In the first week of the Buffy Rewatch, we discuss "Welcome to the Hellmouth", "The Harvest", and "Witch."
This quote from Joss Whedon (in his DVD commentary for "Welcome to the Hellmouth") really sums up the approach that he and the writers use in the first few seasons of BUFFY. A horror movie as a metaphor for high school - or is it high school as a metaphor for a horror movie?
The first few episodes of any TV show are about establishing the premise of the show, introducing the characters to the viewers (and often to each other), and letting the audience know how the show's makers are going to tell their stories. I think we can discuss the first three episodes of BUFFY in this context: "Welcome to the Hellmouth" and "The Harvest" function as a two-part pilot, and "Witch" is the first episode that functions like a regular episode of the series.
Rewatching "Welcome to the Hellmouth", I remain impressed by how well it introduces the characters, and their distinct voices and relationships. Placing the main character in a new environment is a classic setup for a pilot, and it works well here. The principal characters - Buffy, Giles, Willow, Xander, Cordelia - are all sharply drawn. Whedon's gift with dialogue is evident in their first lines, really. I'm so glad that the show introduces Jesse for the sole purpose of killing him an episode later. That's enough Eric Balfour for me.
One scene in "Welcome to the Hellmouth" really stands out for me: the scene with Giles and Buffy in the library, where Giles talks about the Watcher's role of preparing the Slayer. Buffy replies: "Prepares me for what? For getting kicked out of school? For losing all of my friends? For having to spend all of my time fighting for my life and never getting to tell anyone because I might endanger them? Go ahead. Prepare me." That scene right there (and Head and Gellar's terrific performances) completely sells me on the series again. But something I hadn't realized before helps explain why that scene is so powerful.
Because BUFFY was a midseason replacement, the entire first season was shot before the pilot aired. In his DVD commentary, Joss talks about reshooting that scene after the entire first season was shot. And I think Gellar's performance in that scene is informed by the journey that Buffy eventually goes on throughout the rest of the season. Tonally, the scene just feels more mature than most of the rest of "Welcome to the Hellmouth." It's a great sign of things to come for the show.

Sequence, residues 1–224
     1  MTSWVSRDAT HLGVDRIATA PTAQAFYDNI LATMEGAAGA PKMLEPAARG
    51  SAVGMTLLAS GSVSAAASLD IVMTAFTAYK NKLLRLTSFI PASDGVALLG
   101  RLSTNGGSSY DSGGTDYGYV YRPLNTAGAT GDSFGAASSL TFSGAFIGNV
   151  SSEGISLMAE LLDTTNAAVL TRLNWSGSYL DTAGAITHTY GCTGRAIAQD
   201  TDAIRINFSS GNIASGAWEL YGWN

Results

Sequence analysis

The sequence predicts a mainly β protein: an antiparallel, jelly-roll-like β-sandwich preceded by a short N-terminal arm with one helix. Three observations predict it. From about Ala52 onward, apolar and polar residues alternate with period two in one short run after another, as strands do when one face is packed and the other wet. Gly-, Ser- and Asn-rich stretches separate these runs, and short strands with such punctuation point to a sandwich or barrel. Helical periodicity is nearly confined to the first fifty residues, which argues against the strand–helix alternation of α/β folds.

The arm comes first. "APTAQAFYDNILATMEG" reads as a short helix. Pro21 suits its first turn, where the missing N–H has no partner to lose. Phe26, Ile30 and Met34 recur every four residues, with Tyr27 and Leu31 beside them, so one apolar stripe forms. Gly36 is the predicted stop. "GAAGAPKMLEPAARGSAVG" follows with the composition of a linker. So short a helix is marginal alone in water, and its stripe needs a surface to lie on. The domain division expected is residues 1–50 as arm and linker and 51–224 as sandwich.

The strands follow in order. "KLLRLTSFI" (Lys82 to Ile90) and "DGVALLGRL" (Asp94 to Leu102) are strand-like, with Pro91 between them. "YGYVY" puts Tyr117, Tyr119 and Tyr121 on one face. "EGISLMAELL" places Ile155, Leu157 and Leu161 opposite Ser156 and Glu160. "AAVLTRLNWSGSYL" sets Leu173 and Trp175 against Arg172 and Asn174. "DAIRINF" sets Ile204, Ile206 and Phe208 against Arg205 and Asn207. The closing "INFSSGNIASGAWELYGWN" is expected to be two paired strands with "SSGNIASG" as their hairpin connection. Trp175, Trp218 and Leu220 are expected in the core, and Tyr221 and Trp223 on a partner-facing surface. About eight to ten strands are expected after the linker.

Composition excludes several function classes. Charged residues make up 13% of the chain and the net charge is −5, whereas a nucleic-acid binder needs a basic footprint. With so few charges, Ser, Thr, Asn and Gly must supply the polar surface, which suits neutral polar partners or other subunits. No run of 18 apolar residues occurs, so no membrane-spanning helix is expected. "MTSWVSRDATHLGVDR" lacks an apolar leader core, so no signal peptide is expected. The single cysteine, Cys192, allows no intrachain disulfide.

"The Harvest" is a good conclusion for the pilot - Jesse's death lets us know that there are real stakes for these characters. (Holy shit, you guys, no pun intended.) And there's a great scene between Buffy and her mom Joyce. This is one of the central conflicts through the show's early seasons: Buffy trying to keep her Slayer duties from Joyce, while also trying to be a good daughter and not causing Joyce to worry. This is a popular topic of discussion among the queer theory readings of the show, not that I feel particularly well equipped to discuss it in those terms. (But if YOU do, feel free to talk about it in the comments!)
"Witch", meanwhile, gives us our first look at what a regular episode of the series might be like. It also, for me, helps explain why the concept of the Hellmouth as introduced in the pilot is important - the Hellmouth allows the writers to introduce all types of supernatural activity, not just vampires. If the show had just been about vampires, it wouldn't have become the legendary series it became. "Witch" is a solid episode, enhanced by the nice mother/daughter scenes and the unexpected reveal of Amy's mother having taken over Amy's body. Wanting to fit it, wanting to relive lost youth, wanting to connect with your mother - these are some rich themes. And for an early episode, "Witch" does a good job of dealing with them. (Though maybe because I'm thinking of how great the series becomes, I'm underestimating how well "Witch" tells its story.)
Xander has a great scene at the end of "Witch", which highlights Nicholas Brendon's great timing and line delivery. After Amy is back to herself (but before he knows she's innocent), Xander grabs her:
Xander: I got her! I got her! Cut her head off!
Buffy: Xander, what are you doing?
Xander: ... Saving you?
Buffy: Get your hands off her.
Xander: But she's evil.
It doesn't come across in text, but trust me: Brendon delivers those three lines hilariously.
While rewatching these episodes, I kept thinking of the amazing journeys these characters take over the course of the series. Compare where they are now to where they'll be at the end of season 7. I feel very protective of them - especially Buffy and Willow - and I can't wait to go on these journeys with them again.
"Welcome to the Hellmouth": B+
"The Harvest": B
What did everyone else think?